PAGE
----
West Nile virus will likely soon arrive in BC

Following 3 years of westward spread across North America, there is a high probability that West Nile virus (WNV) will be detected in British Columbia in 2003. Physicians should become familiar with the clinical presentation of WNV infection, diagnostics, transmission, and case reporting requirements.

WNV is a mosquito-borne, RNA flavivirus related to yellow fever, dengue, and Japanese B encephalitis viruses. In nature WNV cycles between mosquitoes and birds. Historically, WNV was limited to Africa, Asia, the Middle East, and southern Europe. The virus emerged in New York in 1999 and, by late 2002, had been detected in 44 of 48 continental states in the US, and from Nova Scotia to Saskatchewan in Canada.

Eighty percent of individuals who are infected with WNV have subclinical infections. Of the 20% who are symptomatic, most will have WNV fever, with sudden onset of moderate to high fever and one or more of the following: fatigue, headache, eye pain, vomiting, myalgia, arthralgia, and rash. These symptoms last up to 6 days.

One of every 150 infections leads to severe neurological disease (WNV neurological syndrome) presenting as fever along with encephalitis, aseptic meningitis, or meningoencephalitis. Patients may present with headache, severe muscle weakness, and altered mental status. About 10% of patients with WNV neurological syndromes have acute flaccid paralysis, caused either by anterior myelitis (polio-like syndrome), or Guillain-Barre-like syndrome. Other neurological manifestations have been described. Sequelae including impaired memory, difficulty mobilizing, and muscle weakness may follow the acute illness.

There is no known effective antiviral therapy, although ribavirin and interferon-beta are being tried experimentally. There is no human vaccine.

During 2002, more than 300 symptomatic cases were reported in Canada and more than 3800 were reported in the US. The average age of patients with severe infections was about 50 years. Fatality among reported, symptomatic cases ranged from 4% to 6%.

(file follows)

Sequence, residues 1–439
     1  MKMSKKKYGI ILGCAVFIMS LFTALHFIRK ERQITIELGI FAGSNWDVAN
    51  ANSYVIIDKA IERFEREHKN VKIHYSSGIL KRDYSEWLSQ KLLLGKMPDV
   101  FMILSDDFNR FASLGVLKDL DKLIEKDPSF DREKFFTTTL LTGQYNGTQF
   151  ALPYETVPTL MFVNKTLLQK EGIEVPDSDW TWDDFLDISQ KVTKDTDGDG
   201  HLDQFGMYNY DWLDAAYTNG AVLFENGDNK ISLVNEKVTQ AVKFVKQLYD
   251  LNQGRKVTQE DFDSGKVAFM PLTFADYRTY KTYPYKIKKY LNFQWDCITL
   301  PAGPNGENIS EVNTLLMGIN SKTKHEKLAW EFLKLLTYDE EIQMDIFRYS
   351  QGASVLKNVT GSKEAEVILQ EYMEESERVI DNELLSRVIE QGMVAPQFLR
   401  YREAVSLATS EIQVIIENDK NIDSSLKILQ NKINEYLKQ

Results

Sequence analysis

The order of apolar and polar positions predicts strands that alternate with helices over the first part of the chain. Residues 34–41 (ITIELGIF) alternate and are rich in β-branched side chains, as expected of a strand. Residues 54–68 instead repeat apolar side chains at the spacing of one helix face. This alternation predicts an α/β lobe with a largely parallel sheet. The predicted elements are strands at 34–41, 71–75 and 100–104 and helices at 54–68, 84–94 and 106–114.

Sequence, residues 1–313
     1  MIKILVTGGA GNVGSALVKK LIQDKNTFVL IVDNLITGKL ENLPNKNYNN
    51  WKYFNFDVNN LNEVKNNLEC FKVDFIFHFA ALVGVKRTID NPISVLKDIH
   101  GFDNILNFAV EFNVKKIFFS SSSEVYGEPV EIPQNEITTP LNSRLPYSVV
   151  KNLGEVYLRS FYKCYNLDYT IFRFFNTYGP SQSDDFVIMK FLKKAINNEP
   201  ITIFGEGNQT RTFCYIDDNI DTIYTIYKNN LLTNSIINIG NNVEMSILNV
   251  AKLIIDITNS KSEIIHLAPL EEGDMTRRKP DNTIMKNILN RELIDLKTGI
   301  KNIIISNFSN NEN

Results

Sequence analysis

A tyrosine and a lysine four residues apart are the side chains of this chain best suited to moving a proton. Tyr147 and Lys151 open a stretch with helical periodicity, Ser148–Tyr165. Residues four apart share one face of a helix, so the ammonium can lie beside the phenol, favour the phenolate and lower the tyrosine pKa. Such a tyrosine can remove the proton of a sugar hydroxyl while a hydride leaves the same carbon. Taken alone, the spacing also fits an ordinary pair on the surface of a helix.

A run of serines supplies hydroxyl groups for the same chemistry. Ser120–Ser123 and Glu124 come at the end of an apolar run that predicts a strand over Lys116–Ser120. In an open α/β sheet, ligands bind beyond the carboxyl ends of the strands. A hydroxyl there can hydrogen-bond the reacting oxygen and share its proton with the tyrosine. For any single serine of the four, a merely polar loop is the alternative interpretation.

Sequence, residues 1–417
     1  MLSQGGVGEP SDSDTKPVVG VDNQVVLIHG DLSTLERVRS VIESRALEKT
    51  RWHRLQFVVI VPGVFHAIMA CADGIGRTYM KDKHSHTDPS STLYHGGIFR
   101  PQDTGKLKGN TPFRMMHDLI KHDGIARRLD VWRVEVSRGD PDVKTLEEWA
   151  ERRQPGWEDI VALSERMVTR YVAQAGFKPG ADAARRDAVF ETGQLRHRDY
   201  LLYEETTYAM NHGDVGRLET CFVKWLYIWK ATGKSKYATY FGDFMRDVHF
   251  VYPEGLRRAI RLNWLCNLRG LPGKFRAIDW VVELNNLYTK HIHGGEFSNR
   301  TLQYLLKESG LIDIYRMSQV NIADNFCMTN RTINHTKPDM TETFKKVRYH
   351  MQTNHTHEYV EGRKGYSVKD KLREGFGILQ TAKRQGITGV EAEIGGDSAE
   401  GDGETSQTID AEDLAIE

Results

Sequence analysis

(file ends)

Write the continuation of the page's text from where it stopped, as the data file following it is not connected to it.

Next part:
Although most WNV infections follow a mosquito bite, transmission through receipt of contaminated blood and donated organs has been documented. A nucleic acid test to screen donated blood for WNV should be in use by Canadian Blood Service by 1 July 2003. Transmission via placenta and breast milk have also been described.

Diagnostic tests should be ordered on patients with clinical presentations consistent with WNV infection, including WNV fever or WNV neurological syndrome, during the period when WNV could be transmitted by mosquitoes in BC (spring until the first hard frost in the autumn). Appropriate specimens include:

• Acute serum collected on presentation and convalescent serum collected 14 days to 21 days later. Serum (7 mL to 10 mL) should be collected in a red-top tube and sent to BCCDC Laboratory Services.

• Cerebrospinal fluid (CSF): 1 cc to 2 cc should be collected in each of two tubes without any preservatives. It should be kept at 4°C or frozen for transport to the BCCDC laboratory.

Include the patient’s onset date on the laboratory requisition. Other agents, including Herpes simplex, should be considered in the differential diagnosis for encephalitis and appropriate diagnostic tests ordered.

WNV fever and WNV neurological syndrome are reportable in BC. Physicians must report the following to the medical health officer in their area:

• Patients who have lab-confirmed WNV fever or WNV neurological syndrome.

• Patients who have a clinical presentation consistent with WNV neurological syndrome during a period of time (spring until hard frost in autumn) when mosquitoes may transmit WNV.

Physicians should inquire about recent blood donation or transfusion and should contact Canadian Blood Services directly (phone 1 888 332-5663 local 2207; fax (604) 879-6352) if a case of suspected WNV neurological syndrome donated or received blood in the previous 4 weeks.

BCCDC and regional medical health officers will notify physicians and the public when WNV has been detected in BC. A program to monitor dead crows and adult mosquitoes for WNV will operate during the spring through autumn. Physicians should remind patients of measures to prevent mosquito bites, including wearing long, light-colored clothing and using insect repellents with DEET. Municipalities may implement mosquito control programs. Mosquito breeding can also be reduced by eliminating stagnant water around people’s homes.

—Murray Fyfe, MD, FRCPC
Physician Epidemiologist

Muhammad Morshed PhD,
Clinical Microbiologist
BCCDC

M. Fyfe, MD, MSc, Muhammad Morshed, PhD, SCCM. West Nile virus will likely soon arrive in BC. BCMJ, Vol. 45, No. 4, May, 2003, Page(s) 171 - BCCDC.



Above is the information needed to cite this article in your paper or presentation. The International Committee of Medical Journal Editors (ICMJE) recommends the following citation style, which is the now nearly universally accepted citation style for scientific papers:
Halpern SD, Ubel PA, Caplan AL, Marion DW, Palmer AM, Schiding JK, et al. Solid-organ transplantation in HIV-infected patients. N Engl J Med. 2002;347:284-7.

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